Cardiovascular, behavioural and metabolic consequences of growth hormone overexpression in transgenic mice
Growth hormone (GH) exerts major effects on body growth and metabolism. GH is also important in controlling cardiovascular function and behaviour. To study the role of growth hormone in cardiovascular function and regulation of blood pressure, we overexpressed bovine growth hormone regulated by the metallothionein promoter in mice (Mt-bGH). This caused an increase in mean arterial pressure (MAP) which was not salt sensitive and was associated with an increased resistance of the hindquarter vasculature. No difference in the contractile strength of the mesenteric vascular wall or in endothelial function was observed. The Mt-bGH transgenic mice displayed more spontaneous locomotor activity than nontransgenic controls and had an enhanced capacity of brain 5-HT systems and an increased sensitivity to amphetamine. To study the influence of growth hormone action in the CNS on spontaneous locomotor activity and metabolism, we overexpressed bovine growth hormone specifically in the CNS (GFAP-bGH). This model showed that the enhanced spontaneous locomotor activity in Mt-bGH transgenic mice was not due to activation of GHR in the CNS but rather involves some peripheral factor(s). T3 and IGF-I are the two major candidates in enhanced spontaneous locomotor activity in Mt-bGH transgenic mice.At 18 weeks of age, the GFAP-bGH transgenic females were 31% heavier and males were 19% heavier than their littermate controls and also displayed an increased food intake. CT, MRI and organ dissections showed an increase of body fat in the GFAP-bGH transgenic mice. The serum leptin and insulin levels were increased while the glucose level was normal and the pancreas showed an islet hyperplasia in GFAP-bGH transgenic mice. Serum lipid analysis showed a decrease in TG and an increase in serum cholesterol. We observed a decrease in VLDL, an increase in LDL and a slight increase in HDL in GFAP-bGH transgenic mice. AGRP and NPY expression in the hypothalamus increased in GFAP-bGH transgenic mice. The increase in NPY was statistically significant in females only.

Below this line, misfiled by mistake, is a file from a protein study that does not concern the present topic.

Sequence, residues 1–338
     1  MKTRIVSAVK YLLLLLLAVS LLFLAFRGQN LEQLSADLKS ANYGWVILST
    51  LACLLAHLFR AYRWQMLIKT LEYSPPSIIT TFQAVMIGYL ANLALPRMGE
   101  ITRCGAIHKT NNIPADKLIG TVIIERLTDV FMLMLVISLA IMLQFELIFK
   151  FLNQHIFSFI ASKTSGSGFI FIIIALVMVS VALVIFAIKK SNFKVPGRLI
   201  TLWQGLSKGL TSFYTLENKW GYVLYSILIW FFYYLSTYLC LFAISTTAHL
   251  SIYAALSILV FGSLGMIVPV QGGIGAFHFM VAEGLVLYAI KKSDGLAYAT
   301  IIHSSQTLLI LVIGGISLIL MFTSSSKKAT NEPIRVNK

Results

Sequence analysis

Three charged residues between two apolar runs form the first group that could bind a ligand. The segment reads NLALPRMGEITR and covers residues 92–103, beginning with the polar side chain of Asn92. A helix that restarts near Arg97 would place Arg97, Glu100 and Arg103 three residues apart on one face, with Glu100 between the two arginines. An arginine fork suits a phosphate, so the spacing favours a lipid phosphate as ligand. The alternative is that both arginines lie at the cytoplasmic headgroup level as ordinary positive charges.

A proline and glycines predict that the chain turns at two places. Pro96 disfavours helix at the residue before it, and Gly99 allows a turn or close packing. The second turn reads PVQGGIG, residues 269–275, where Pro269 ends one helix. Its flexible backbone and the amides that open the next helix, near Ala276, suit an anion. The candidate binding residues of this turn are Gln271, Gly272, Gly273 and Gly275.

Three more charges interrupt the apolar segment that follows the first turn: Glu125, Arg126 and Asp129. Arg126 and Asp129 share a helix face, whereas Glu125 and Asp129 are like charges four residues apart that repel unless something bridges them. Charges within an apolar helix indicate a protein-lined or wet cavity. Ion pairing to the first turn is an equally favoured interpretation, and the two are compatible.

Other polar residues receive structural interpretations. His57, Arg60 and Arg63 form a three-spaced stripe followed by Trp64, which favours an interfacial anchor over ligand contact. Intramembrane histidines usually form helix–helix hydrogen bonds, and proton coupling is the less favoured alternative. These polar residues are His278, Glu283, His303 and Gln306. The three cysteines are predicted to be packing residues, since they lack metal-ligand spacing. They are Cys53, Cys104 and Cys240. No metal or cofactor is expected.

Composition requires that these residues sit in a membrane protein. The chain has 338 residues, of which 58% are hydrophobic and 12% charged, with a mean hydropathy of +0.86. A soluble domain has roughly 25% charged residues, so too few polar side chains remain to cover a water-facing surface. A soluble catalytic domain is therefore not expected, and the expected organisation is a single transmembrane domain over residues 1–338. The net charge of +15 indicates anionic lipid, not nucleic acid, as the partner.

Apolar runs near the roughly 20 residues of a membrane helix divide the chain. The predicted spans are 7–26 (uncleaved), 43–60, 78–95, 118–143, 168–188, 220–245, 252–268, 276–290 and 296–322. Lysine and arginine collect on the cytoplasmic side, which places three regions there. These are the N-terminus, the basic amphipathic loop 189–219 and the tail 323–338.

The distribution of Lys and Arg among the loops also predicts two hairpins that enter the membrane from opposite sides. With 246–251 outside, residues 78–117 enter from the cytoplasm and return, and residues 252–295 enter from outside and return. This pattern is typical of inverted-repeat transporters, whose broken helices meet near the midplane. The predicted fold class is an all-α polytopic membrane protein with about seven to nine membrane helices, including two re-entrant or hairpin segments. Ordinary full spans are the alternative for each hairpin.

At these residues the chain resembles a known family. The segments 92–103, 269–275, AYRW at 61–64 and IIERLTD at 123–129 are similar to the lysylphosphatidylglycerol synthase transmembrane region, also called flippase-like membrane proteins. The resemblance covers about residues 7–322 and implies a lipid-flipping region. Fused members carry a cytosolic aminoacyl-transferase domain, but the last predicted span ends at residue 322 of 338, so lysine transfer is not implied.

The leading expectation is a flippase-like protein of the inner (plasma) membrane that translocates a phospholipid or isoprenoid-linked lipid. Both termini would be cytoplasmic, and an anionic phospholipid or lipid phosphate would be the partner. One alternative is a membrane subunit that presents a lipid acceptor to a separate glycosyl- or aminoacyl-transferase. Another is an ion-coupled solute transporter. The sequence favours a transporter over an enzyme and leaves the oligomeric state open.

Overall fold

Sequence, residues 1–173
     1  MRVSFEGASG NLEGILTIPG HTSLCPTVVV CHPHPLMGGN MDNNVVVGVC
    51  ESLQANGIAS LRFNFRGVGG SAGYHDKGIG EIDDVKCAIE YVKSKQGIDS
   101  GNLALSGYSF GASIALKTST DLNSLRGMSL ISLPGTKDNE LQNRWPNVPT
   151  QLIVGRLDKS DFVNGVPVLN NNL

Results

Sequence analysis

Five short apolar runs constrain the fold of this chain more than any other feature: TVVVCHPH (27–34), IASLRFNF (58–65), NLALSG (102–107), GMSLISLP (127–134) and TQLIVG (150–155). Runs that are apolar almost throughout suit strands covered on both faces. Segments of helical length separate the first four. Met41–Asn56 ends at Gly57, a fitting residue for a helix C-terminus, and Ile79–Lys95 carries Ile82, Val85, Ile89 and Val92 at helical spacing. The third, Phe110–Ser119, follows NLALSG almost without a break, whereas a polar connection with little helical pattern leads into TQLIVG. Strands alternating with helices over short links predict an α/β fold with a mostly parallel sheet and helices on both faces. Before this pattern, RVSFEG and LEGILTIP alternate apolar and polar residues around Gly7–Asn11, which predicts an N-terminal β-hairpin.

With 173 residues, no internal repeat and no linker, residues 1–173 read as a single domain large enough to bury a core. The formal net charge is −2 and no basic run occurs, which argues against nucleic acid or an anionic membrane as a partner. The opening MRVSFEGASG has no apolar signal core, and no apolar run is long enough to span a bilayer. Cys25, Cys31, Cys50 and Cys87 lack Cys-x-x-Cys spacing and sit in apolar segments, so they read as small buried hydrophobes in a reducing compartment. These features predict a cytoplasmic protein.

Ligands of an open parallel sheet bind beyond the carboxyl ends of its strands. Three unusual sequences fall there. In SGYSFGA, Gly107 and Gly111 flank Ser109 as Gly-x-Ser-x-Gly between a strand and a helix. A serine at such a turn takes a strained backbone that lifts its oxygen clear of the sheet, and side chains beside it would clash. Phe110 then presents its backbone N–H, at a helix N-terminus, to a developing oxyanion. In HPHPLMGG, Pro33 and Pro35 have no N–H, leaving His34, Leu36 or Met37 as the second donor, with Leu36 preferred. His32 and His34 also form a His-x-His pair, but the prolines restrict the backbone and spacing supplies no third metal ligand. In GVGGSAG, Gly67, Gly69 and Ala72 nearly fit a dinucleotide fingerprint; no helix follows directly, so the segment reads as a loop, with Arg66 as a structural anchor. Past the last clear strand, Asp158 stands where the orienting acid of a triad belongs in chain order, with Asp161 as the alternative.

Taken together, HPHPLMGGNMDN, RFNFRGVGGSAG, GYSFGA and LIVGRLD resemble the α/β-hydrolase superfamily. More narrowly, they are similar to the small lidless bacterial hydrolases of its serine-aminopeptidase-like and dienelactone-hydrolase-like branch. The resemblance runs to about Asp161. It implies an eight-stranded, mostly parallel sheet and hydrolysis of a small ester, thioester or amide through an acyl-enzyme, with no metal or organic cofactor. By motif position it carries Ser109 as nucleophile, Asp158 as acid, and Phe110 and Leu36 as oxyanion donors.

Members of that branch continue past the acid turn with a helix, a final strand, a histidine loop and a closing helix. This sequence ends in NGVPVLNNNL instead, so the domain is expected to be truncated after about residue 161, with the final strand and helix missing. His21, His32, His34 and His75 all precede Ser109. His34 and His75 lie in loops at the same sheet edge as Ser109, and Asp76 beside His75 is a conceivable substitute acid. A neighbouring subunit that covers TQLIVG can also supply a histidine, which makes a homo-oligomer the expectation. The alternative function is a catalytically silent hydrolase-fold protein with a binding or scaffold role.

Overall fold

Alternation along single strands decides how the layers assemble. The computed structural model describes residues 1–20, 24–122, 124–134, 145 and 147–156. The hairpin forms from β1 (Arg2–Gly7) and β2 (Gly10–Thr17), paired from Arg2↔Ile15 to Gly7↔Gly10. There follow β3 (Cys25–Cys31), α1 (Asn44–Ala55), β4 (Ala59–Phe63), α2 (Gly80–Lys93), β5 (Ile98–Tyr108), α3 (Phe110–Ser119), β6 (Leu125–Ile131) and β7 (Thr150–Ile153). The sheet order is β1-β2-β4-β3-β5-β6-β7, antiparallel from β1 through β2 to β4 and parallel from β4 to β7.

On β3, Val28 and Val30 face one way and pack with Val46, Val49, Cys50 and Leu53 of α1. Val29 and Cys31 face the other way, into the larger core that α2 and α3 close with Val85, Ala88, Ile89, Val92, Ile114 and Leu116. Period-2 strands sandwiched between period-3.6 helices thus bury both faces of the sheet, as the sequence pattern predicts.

Göteborgs universitet/University of Gothenburg
Department of Physiology
Avdelningen för fysiologi
föreläsningssal Inge Schiölder (F1405), Medicinargatan 9B, Göteborg, kl 9.00
Date of defence
Bohlooly-Yeganeh, Mohammad 1966-